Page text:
Having come under criticism this week for characterizing his association with North Korea under Kim Jong Un as a special relationship — adopting a term normally reserved in the language of diplomacy to describe the tight and long-standing linkage between the United States and the United Kingdom — President Trump appeared to suggest with a Saturday retweet that not only he, personally, but the Trump Organization, his family business, was actively engaged in the work of safeguarding the vital transatlantic partnership.
Critics of the irregular presidential tweet quickly emerged, taking issue with it on ethical, logical and, most frequently, legal grounds, arguing it violated the emoluments clause of the Constitution:
Another day, another felony. Trump tweets promoting one of his failing golf courses in Scotland. Violates the Foreign Emoluments Act by using presidency to advance his financial self-Interest – yet again.
— Tony Schwartz (@tonyschwartz) March 2, 2019
This is Trump’s most explicit commingling of personal interests and public office to date.
This is the tone from the top that leads his appointees to violate ethics rules.
This is shameless, corrupt and repugnant presidential profiteering.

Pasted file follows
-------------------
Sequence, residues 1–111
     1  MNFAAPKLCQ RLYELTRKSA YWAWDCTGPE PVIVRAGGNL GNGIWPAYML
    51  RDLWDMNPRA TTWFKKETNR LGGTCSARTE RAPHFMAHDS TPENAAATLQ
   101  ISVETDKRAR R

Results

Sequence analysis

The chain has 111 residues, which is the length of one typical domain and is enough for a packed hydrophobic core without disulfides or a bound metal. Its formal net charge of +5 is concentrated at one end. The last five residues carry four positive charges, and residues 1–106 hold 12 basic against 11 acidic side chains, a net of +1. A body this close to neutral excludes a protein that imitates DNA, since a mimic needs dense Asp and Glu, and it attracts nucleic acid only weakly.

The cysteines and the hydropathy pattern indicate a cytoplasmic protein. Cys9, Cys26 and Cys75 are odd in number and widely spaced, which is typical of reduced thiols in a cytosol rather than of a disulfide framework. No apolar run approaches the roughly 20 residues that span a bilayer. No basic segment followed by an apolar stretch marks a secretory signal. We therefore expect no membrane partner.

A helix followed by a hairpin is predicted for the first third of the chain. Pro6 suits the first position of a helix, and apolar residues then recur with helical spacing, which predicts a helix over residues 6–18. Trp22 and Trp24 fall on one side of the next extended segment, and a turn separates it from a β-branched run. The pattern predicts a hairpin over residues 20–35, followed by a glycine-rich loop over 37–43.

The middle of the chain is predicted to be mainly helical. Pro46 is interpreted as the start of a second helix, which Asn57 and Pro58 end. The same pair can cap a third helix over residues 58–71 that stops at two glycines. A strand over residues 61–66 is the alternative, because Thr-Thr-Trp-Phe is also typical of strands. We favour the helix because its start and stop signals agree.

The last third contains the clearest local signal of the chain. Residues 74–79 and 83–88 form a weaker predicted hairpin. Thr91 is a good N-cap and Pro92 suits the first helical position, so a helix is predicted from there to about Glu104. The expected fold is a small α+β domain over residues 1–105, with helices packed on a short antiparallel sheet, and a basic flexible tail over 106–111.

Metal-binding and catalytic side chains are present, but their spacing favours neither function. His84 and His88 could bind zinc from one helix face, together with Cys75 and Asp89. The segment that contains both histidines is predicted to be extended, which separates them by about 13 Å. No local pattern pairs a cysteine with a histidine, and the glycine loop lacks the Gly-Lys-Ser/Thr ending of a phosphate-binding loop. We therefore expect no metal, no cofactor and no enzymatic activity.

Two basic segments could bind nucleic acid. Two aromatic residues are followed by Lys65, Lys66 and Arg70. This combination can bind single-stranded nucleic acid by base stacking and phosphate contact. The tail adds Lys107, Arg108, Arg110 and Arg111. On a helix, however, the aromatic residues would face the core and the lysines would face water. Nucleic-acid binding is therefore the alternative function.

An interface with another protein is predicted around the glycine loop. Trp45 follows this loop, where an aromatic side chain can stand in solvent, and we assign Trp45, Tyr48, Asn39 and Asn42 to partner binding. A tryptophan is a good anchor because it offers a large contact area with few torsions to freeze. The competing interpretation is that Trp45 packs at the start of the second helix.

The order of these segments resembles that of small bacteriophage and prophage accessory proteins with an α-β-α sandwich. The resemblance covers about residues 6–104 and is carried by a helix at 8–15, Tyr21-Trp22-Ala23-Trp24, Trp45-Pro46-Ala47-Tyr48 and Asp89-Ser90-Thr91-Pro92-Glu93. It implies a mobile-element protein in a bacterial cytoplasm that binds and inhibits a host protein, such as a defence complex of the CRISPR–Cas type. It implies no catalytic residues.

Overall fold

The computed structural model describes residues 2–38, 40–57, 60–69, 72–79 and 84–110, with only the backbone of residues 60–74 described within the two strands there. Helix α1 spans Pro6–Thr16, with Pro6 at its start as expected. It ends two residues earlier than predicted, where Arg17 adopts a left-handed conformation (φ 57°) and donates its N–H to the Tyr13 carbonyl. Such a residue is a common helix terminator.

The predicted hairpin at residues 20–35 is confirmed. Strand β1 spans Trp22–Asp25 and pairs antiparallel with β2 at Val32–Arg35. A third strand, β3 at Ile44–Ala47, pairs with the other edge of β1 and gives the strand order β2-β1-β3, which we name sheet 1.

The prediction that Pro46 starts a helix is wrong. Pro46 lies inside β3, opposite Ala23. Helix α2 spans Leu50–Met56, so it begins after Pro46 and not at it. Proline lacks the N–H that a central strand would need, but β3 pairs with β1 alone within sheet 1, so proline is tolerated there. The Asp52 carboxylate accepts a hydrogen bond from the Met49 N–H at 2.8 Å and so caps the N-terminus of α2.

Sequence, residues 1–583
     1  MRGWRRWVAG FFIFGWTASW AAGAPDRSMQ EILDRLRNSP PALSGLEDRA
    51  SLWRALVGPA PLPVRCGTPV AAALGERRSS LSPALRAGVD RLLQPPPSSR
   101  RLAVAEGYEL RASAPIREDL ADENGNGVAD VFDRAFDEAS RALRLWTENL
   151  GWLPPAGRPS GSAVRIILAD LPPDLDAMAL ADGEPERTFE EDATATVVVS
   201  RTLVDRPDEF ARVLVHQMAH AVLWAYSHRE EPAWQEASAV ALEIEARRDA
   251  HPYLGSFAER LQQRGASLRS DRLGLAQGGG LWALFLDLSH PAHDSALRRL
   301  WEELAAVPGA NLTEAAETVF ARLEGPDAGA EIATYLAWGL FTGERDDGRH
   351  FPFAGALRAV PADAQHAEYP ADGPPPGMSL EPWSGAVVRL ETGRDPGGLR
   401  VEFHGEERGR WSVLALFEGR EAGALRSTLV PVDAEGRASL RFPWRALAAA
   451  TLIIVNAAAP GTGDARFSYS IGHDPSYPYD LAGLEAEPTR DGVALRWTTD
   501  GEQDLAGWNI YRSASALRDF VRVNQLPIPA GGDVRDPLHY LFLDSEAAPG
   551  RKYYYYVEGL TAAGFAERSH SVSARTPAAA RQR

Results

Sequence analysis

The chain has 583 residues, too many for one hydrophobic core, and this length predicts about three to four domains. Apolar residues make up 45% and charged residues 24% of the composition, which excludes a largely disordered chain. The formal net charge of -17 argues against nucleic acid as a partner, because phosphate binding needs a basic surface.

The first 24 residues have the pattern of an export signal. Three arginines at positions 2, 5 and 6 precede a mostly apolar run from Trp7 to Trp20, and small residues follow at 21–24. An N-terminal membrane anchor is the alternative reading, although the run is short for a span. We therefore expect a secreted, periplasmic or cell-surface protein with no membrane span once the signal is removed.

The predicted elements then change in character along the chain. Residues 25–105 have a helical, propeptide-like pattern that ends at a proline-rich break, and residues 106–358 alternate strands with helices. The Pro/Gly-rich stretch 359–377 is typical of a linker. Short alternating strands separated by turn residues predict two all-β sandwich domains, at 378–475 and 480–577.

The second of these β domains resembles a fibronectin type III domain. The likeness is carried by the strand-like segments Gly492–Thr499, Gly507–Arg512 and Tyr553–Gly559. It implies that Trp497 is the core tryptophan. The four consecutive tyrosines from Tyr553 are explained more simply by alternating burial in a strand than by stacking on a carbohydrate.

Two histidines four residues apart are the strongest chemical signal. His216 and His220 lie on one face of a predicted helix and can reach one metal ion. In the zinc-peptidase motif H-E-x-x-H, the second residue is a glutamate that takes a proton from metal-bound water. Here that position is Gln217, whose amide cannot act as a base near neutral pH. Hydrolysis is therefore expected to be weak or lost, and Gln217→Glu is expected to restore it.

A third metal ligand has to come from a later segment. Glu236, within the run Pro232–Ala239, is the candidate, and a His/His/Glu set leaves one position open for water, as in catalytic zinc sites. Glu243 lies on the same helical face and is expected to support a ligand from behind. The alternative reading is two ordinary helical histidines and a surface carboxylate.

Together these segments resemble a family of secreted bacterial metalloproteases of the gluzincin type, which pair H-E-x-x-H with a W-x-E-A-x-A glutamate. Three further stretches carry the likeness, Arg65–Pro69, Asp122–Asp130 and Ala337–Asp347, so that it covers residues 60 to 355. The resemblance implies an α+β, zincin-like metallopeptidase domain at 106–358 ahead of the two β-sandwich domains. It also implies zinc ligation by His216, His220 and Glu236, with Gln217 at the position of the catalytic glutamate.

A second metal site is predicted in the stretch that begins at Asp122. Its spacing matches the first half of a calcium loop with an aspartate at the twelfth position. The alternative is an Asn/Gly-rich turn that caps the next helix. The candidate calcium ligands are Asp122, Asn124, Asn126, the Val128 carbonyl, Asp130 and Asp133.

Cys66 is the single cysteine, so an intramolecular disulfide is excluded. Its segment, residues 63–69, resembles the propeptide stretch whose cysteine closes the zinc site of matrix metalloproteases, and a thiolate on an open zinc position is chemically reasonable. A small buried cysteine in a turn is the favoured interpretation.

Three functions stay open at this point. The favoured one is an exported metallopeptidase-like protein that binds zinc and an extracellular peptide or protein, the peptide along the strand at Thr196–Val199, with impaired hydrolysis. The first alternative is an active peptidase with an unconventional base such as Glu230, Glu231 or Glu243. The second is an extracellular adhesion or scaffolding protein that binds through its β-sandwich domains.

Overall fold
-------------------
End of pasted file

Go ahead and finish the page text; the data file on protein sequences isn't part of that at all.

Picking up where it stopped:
This is an invitation to graft. https://t.co/3Gce7RGEYW
— Walter Shaub (@waltshaub) March 2, 2019
Um, isn’t this an abuse of office?
§ 2635.702 Use of public office for private gain.
An employee shall not use his public office for his own private gain, for the endorsement of any product, service or enterprise, or for the private gain of friends…https://t.co/aKgWPk6kt4
— Greg Condon (@GregTheC) March 2, 2019
A U.S. president is promoting one of his private businesses. That’s corrupt.
— Jeffrey Guterman (@JeffreyGuterman) March 2, 2019
How does this further UK relations? Using your position to advertise your golf course. Not quite fair is it?
— Judy Mackenzie (@HippyMummyMac) March 2, 2019
At least one critic played it for a laugh:
You know, people will scream about a president using the power of his office to promote his personal businesses, but my research has found shocking precedents. pic.twitter.com/5pmf13zXNd
— John Schwartz (@jswatz) March 2, 2019
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